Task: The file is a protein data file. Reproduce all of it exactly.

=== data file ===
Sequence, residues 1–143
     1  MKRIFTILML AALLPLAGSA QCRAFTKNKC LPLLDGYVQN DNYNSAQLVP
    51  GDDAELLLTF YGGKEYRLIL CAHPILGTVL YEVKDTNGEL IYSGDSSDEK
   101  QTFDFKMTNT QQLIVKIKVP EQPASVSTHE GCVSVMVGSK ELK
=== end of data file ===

Sequence, residues 1–143
     1  MKRIFTILML AALLPLAGSA QCRAFTKNKC LPLLDGYVQN DNYNSAQLVP
    51  GDDAELLLTF YGGKEYRLIL CAHPILGTVL YEVKDTNGEL IYSGDSSDEK
   101  QTFDFKMTNT QQLIVKIKVP EQPASVSTHE GCVSVMVGSK ELK